How to Find the Right Content Hire for Your Company

To turn on content and build a sustainable content engine, early-stage companies have four main options: freelancers, agencies, internal hires, and boutique studios.

Freelancers, while brilliant writers, often lack experience in building a content function from zero to one. Larger agencies with the requisite functional experience frequently outsource writing and get too big – sacrificing content quality or charging too much for too little. 

Internal content lead candidates are usually the best fit for the job, but most potential candidates are doing their own thing, are already employed, or are too costly in terms of salary plus equity. If you do find a killer head of content candidate right off the bat – hire them asap.

To figure out who is best equipped to build a content engine, we hear from Oliver Citrin, Chief Business Officer at Goody, and Erin Falter, Director of Marketing at Tydo, on why purpose-built studios were the perfect fit for both of their companies.

Why Goody Shifted Away From Agencies

Oliver highlights Verbatim’s impact in contrast with his unimpressive agency experiences. In his words: “They don’t understand the business or how to tell Goody’s story. They’re optimized to secure the contract, but they don’t really care for the quality after that.” 

He also remains skeptical of the agency model at large for several reasons: 

  1. They typically push content quantity over quality
  2. They tend to recycle the same playbook for every client without personalization
  3. They’re not incentivized to solve the same core problems as the actual brand team

He also frequently found himself with certain questions about agencies: 

  • Who’s really driving the strategy and execution? 
  • How could we communicate more transparently? 
  • Who’s responsible for and owns Goody’s projects? 

Oliver says that with Verbatim, Goody experienced one point person asking the right questions and understanding how crucial every day is for an early-stage company. 

In other words: Onboarding with Verbatim signaled no more spinning wheels. 

“Unfortunately, agencies run on a feedback loop with writers churning out bad content with bad results. Verbatim operates under a completely different model.”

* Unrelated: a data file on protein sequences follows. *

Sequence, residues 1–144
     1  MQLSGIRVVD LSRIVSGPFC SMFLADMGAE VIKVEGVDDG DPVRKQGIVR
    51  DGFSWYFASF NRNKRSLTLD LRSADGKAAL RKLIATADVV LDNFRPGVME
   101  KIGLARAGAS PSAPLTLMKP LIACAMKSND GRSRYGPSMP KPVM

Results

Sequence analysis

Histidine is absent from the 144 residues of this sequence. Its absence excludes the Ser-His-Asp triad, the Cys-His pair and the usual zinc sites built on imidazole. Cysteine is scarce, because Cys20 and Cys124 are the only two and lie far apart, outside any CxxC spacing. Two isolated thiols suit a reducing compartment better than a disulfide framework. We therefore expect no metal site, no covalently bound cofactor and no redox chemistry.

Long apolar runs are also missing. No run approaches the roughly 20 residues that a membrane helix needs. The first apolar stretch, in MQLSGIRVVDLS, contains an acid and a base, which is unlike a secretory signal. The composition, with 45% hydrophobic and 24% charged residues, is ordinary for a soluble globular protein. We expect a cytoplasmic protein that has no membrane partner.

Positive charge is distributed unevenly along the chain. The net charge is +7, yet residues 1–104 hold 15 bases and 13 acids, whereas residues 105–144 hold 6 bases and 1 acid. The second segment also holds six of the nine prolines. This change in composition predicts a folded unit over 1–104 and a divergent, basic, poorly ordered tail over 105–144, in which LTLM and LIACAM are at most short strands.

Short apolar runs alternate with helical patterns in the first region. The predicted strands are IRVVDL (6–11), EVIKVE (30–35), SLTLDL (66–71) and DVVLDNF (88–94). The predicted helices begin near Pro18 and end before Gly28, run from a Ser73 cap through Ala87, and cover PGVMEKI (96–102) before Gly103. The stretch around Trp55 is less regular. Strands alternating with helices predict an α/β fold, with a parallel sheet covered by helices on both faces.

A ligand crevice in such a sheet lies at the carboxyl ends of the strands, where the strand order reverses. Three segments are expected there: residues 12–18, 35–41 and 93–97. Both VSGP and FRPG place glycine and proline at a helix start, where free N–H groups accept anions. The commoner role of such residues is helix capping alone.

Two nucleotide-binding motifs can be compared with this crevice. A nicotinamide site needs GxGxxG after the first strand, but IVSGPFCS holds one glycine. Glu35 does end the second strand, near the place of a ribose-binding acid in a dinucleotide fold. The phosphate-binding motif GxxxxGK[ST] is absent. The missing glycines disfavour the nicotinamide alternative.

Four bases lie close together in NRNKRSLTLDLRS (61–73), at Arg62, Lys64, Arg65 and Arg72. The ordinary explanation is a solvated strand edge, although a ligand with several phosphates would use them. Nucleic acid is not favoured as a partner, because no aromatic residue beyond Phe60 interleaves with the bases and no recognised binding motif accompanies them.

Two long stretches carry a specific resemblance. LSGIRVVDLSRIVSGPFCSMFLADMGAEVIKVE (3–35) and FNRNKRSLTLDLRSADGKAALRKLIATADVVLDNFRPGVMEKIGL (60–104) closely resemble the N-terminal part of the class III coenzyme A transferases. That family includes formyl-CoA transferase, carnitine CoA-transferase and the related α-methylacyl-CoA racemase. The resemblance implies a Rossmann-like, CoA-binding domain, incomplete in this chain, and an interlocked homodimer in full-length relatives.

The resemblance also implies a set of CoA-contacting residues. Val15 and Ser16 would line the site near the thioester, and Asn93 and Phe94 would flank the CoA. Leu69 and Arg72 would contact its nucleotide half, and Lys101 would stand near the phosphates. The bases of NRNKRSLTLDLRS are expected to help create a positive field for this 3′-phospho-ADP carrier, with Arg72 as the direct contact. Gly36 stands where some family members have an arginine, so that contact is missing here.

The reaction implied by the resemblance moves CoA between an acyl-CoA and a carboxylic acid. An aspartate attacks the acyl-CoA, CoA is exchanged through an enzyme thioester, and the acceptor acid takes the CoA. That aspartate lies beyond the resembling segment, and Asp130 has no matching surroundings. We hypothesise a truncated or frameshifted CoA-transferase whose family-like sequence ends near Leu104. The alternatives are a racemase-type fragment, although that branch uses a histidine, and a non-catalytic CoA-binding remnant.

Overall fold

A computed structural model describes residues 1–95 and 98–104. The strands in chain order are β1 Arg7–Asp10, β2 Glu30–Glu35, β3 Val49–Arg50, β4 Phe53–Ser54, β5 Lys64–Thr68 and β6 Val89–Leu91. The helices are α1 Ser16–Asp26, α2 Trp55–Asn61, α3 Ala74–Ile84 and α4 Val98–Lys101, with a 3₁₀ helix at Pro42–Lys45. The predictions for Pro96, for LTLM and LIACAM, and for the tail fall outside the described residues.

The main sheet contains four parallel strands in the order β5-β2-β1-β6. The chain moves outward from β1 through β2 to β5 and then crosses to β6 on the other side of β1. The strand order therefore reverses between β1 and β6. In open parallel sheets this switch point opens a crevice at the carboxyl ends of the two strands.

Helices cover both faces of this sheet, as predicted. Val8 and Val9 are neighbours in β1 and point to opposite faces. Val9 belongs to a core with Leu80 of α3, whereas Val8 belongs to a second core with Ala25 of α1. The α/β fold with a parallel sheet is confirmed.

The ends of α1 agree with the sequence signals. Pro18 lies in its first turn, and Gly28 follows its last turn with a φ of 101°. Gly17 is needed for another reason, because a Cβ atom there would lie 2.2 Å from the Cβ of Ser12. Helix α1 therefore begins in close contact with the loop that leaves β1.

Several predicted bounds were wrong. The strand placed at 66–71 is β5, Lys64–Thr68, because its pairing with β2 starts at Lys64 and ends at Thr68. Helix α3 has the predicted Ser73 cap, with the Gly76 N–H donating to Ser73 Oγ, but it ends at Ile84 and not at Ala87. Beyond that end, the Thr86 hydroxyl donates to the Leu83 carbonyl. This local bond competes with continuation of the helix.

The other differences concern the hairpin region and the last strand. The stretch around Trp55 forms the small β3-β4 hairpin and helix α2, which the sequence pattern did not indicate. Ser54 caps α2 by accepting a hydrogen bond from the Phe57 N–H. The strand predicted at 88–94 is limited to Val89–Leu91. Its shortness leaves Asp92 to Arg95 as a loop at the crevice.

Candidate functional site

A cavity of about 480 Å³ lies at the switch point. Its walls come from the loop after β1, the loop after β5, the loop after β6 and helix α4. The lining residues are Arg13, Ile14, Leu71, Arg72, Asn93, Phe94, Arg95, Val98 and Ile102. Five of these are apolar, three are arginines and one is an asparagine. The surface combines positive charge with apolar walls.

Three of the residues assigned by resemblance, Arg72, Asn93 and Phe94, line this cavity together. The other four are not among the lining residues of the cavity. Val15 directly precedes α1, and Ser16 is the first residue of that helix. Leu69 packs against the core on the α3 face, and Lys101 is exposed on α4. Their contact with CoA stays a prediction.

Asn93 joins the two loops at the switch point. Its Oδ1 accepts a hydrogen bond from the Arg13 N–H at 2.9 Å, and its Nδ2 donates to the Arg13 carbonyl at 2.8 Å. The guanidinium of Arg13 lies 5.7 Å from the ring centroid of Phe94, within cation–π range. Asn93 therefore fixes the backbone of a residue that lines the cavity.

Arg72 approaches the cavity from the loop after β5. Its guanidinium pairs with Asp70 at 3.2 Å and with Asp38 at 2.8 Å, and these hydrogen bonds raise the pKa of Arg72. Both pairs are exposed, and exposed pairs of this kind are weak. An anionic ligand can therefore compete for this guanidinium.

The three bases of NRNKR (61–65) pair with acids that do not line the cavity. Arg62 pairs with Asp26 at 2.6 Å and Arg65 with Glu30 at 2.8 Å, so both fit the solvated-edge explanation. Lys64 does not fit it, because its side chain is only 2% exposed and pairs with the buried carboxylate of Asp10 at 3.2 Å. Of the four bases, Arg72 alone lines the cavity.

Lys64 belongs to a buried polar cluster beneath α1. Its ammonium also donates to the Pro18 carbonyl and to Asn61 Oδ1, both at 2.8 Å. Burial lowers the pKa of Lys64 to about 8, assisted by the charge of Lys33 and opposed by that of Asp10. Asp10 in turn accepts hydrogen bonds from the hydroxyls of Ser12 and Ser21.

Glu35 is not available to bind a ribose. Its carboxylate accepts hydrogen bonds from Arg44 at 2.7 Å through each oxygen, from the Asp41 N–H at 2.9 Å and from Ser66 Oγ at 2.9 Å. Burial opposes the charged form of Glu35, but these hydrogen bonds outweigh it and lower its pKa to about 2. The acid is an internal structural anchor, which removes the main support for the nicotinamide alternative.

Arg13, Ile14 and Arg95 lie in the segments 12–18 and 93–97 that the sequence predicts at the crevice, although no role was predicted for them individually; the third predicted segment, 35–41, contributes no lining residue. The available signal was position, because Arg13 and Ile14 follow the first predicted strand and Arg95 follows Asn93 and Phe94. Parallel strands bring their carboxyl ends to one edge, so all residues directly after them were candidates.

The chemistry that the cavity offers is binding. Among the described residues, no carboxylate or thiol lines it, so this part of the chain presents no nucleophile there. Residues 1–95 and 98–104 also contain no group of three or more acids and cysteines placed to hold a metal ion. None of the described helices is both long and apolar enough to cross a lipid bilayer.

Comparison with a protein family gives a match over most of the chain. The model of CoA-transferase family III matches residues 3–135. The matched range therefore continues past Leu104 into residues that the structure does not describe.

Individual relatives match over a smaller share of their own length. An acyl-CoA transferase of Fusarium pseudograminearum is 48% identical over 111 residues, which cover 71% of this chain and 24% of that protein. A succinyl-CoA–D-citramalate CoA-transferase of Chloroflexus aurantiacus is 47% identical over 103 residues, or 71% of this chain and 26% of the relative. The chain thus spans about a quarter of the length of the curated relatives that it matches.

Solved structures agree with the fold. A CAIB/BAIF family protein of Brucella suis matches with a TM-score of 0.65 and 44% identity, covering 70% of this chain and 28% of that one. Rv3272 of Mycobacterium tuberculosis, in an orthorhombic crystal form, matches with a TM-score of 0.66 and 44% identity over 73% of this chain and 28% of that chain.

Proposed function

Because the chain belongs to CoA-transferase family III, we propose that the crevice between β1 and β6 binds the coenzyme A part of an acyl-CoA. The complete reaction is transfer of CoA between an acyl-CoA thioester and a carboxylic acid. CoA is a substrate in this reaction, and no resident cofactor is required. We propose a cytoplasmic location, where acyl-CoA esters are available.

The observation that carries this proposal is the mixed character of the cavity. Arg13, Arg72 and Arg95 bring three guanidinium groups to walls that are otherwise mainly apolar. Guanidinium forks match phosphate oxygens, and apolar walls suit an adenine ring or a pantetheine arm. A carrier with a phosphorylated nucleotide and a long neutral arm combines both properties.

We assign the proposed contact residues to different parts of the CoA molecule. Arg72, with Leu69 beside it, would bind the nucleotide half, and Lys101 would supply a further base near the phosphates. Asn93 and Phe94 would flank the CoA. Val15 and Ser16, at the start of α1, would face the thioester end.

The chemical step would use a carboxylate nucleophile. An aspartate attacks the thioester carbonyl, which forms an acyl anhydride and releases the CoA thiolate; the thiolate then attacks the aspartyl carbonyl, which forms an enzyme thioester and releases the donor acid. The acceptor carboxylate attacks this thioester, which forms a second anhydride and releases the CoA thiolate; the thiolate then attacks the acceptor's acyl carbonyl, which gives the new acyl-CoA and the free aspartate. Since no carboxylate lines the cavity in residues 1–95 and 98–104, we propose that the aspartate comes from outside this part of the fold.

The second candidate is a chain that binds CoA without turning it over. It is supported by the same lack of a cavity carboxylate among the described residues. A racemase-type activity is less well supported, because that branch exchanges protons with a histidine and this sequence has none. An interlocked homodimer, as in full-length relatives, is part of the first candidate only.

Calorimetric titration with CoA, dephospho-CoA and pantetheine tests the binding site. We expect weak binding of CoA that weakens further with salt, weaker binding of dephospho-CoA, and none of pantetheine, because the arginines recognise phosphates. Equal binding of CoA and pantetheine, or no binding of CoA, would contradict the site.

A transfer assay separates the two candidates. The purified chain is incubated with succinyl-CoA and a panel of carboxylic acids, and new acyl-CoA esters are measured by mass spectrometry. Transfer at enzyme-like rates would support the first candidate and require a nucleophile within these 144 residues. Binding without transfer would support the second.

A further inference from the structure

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Immediate Benefits of the Studio Approach

With Verbatim, Oliver witnessed firsthand just how embedded our team is with clients, functioning as a natural part of the marketing team and broader company. 

We sit in on meetings, work to digest and fully understand the brand’s issues, and then apply that understanding to the content, unlike an agency synthesizing someone else’s synthesis. 

Through that degree of exposure — hearing from heads of sales, finance, ops, etc. — the challenges Goody faced and how to address them through content became crystal clear to us.

“For written content, it’s key to tell stories from firsthand experience. Quality suffers when someone writes about an event they’re removed from.”

Why Verbatim’s Studio Model Fit Tydo Perfectly

Throughout her professional life, Erin has worked with many agencies. She even began her career at one, which gave her a deep understanding of the value agencies can create.

While many agencies have a level of domain expertise and can cater extensively to their clients, they have a different dynamic than full-time, in-house employees. 

The value of in-house is the ownership and quality of work. 

While employees care more about the content, their service is less tailored, and their industry experience is often less extensive.

For Erin, Verbatim bridges the gap: providing employee ownership alongside agency service. She could bring in deep expertise to build while managing early-stage financial constraints. 

Built with the End in Mind

Tydo is one of the best examples of how we like to operate. We come in early on to build our client’s playbook, but we’re always excited to hand it off to an in-house hire down the line. 

Erin knew Tydo wouldn’t work with Verbatim forever. The relationship was intended to set Tydo up for long-term, independent success by putting end-to-end content processes in place. 

So, it was imperative to have somebody come on and take over those foundational processes. 

Rachel Cantor is Tydo’s current in-house content lead — she previously spent time at Morning Brew building out their first lifestyle-focused newsletter, Sidekick. Critically, she had exposure to Tydo’s content through past collaborations with the Verbatim operations team.

Knowing that Rachel could effectively write for Tydo’s audience and was already invested in the landscape, Tydo’s work, and the content being created, Erin knew the fit was right. 

When Rachel joined Tydo full-time, Adrian ensured she could run the end-to-end system on her own, continuing the well-oiled machine that Verbatim started. 

Since then, Rachel has continued to scale and upgrade Tydo’s core content engine.

“Verbatim’s playbook and process meant our in-house team was up to speed at a cadence that would’ve taken months without those foundations in place.” 
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